Should 50% of Indian Police Force Consist of Women?

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The constitution of India states that “All Indians are equal before the law and everyone has equal rights and opportunities. People are free to choose any kind of work they wish to do.”  Answering the question, I say “YES”, 50% of Indian Police Force should consist of women. Men and women equally deserve to serve their country and be active, responsible citizens. But as much as we want more women in all uniform services, there aren’t enough women coming forward to be a part of it. The real question is, why are women not considering a job in the police department, and if they are, what’s stopping them? And those who actually went forward, are they treated with dignity and respect?

India is a country with major patriarchal views, where men are acknowledged for their strength and masculinity while women are known for being ‘soft hearted’ and delicate. The police force is easily stereotyped as an aggressive and strength based profession. Because of the internalized ideas – people have been taught to believe that the uniformed forces are more suited for men. And due to this many women themselves believe that they are incapable of such a burdensome task. “Despite reservation and advertising of vacancies for women constables in Andhra Pradesh between 2005-2010, quotas went unfilled. The intake of women police in Rajasthan, Haryana and Assam did not match the number of women in the employable category.”

 Illiteracy is a major contributor to this issue. In many parts of India, women are still deprived of their basic educational needs. A woman is supposed to manage household chores, get married off once they reach their ‘right age’, and finally be happy with the new found family, how is she supposed to choose a career for herself.  The basic and foremost step is to give her a choice. When it comes to choosing police force as a career, for a man, it’s a matter of pride, but for women it goes against society’s expectation of them conforming to the ideal characteristics of being a woman.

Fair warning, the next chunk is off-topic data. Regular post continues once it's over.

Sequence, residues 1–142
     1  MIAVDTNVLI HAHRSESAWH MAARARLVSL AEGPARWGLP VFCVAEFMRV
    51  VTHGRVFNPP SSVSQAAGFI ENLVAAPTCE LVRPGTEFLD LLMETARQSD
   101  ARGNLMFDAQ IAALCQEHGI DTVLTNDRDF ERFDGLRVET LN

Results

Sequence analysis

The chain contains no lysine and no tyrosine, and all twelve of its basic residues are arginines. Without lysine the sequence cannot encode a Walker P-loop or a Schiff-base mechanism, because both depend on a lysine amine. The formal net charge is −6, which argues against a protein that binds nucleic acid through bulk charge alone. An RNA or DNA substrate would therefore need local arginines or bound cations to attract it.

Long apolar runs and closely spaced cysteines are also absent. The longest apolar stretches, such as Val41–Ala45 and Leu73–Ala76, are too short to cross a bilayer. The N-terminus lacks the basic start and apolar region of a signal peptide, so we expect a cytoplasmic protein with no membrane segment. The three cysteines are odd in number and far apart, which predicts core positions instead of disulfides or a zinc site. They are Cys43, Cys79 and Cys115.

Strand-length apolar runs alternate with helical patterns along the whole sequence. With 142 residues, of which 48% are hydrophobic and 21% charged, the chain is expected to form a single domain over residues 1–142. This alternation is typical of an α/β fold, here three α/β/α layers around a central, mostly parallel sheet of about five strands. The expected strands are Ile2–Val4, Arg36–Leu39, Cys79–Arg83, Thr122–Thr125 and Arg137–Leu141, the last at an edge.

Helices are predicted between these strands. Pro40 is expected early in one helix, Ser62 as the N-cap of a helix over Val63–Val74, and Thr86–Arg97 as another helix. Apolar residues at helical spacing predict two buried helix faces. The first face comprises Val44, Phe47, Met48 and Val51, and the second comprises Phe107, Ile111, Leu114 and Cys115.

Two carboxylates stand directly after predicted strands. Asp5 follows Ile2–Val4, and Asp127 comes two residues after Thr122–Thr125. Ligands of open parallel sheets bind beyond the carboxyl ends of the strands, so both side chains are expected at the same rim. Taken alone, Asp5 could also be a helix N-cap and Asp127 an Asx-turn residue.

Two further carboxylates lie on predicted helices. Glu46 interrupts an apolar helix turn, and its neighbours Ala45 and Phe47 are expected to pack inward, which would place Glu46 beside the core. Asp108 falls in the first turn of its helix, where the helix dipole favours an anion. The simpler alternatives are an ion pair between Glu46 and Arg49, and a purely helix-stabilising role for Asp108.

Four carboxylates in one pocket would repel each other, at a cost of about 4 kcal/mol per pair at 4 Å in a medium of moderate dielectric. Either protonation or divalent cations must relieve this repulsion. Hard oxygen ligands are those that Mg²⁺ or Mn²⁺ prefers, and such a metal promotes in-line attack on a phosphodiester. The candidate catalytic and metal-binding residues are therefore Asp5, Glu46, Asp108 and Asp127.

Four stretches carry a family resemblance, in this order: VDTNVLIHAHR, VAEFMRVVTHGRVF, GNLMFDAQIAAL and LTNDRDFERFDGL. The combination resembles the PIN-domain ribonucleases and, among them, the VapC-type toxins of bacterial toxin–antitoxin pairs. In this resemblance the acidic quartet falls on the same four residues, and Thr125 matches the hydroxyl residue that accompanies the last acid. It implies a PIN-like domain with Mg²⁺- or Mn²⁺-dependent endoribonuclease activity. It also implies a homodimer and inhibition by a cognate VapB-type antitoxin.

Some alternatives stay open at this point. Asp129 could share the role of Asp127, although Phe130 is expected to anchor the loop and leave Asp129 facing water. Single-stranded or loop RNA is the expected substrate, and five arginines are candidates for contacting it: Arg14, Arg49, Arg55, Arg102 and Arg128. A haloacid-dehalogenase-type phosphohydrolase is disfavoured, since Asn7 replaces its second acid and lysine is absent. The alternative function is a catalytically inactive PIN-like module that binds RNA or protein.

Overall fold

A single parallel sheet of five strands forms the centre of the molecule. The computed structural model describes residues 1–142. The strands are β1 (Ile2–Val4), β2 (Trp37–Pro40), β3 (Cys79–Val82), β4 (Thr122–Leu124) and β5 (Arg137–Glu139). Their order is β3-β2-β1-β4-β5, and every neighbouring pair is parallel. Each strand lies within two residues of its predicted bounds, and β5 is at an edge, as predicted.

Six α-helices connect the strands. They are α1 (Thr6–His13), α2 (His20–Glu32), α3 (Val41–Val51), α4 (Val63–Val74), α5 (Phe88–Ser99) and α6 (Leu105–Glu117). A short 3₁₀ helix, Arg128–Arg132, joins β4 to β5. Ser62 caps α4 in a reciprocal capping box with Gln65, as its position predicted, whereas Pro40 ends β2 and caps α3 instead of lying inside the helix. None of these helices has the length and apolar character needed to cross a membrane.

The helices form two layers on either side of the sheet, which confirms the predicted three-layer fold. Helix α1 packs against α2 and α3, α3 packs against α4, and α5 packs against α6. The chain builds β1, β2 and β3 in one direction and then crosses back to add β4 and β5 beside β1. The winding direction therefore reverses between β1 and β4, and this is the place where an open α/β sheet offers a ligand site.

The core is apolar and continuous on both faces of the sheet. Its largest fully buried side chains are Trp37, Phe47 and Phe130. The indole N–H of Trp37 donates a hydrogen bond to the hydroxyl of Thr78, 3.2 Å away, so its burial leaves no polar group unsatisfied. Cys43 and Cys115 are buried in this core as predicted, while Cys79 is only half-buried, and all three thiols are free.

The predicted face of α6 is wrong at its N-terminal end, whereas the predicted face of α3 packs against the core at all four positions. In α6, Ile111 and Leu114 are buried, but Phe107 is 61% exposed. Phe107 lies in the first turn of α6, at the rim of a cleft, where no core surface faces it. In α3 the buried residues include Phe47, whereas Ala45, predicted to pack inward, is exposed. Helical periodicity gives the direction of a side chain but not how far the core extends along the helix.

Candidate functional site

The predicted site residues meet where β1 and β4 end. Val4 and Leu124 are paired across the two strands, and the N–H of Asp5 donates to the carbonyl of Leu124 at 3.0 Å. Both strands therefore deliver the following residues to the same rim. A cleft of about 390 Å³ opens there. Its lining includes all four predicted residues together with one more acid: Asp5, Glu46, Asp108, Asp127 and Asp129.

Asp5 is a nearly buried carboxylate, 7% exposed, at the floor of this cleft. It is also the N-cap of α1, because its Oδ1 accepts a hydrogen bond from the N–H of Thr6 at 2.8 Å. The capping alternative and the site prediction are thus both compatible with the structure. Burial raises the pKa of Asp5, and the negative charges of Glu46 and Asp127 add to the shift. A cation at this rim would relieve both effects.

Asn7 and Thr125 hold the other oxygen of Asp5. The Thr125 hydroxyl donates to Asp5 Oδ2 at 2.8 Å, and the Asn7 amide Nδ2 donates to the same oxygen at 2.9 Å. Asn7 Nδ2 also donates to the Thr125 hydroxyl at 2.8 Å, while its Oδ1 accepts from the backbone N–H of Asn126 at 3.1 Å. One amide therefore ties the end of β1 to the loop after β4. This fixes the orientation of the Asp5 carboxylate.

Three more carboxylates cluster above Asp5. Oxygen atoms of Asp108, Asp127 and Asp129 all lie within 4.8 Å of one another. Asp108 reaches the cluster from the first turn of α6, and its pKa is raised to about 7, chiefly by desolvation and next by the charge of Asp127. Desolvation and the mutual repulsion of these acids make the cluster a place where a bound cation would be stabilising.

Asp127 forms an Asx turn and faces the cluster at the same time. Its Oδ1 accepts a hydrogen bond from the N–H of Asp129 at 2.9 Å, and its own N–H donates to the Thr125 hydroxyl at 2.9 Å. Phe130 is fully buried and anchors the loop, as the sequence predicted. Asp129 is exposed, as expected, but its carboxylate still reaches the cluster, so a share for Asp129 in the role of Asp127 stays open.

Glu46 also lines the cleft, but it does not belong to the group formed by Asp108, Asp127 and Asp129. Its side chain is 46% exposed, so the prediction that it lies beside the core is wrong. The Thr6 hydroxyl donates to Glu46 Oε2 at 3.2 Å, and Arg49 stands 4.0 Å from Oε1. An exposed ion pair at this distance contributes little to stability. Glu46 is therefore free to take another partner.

Many women who are a part of the police force are not treated with due respect. “I trained with men, and then went on to work with them. Throughout my training, I was told that we are officers first, women later. But the moment I entered the field, I was reminded of my gender,”  -D Roopa Moudgil, the first woman IPS officer in Karnataka. News on injustice towards women in a workplace is not new for our ears. Sexual harassments, humiliations, bullying at workplace should be taken seriously and not be ignored. “Kolhapur, Maharashtra, April 2011. At least 11 women recruit constables alleged that police instructors had sexually exploited them when they were undergoing training.” Women are assigned with task which seems ‘suitable’ for them. “The Jharkhand state police manual says that women police “are not to be substituted for male police but they should be employed on duties which they alone could perform more effectively and with greater advantage than male police”.

There are some basic factors that could contribute as a solution to our issue,  

  • Choice: Men and women should be given equal choices. They should be the ones who get to decide what career they choose.
  • Equality in work place: In all workplaces, women should be considered equally capable and respected with dignity. They should be judged based on their capabilities and not their gender.
  • Literacy: people should be given proper understanding of the Indian police force and all other uniformed forces. They shouldn’t judge a profession based on rumours and stereotypes.
  • Gender based equality: Indian police force does require both strength and intelligence. These factors vary from person to person, not gender to gender. Women and men are equally efficient and skilful.

The Indian Police force requires able, proficient individuals. 50% of women and 50% of men together could do wonders for our society. Let us all thrive for a better, developed country where there are less offences and crimes.

Declaration of Own work:


I Bhavya Girish, confirm that the work with the title

“ Should 50% of the Indian policeForce consist of women?”

Was solely undertaken by myself without any help from others. All sections of the paper that use quotes or describe an argument or concept developed by another author have been referenced, and have been adopted to support my thesis.


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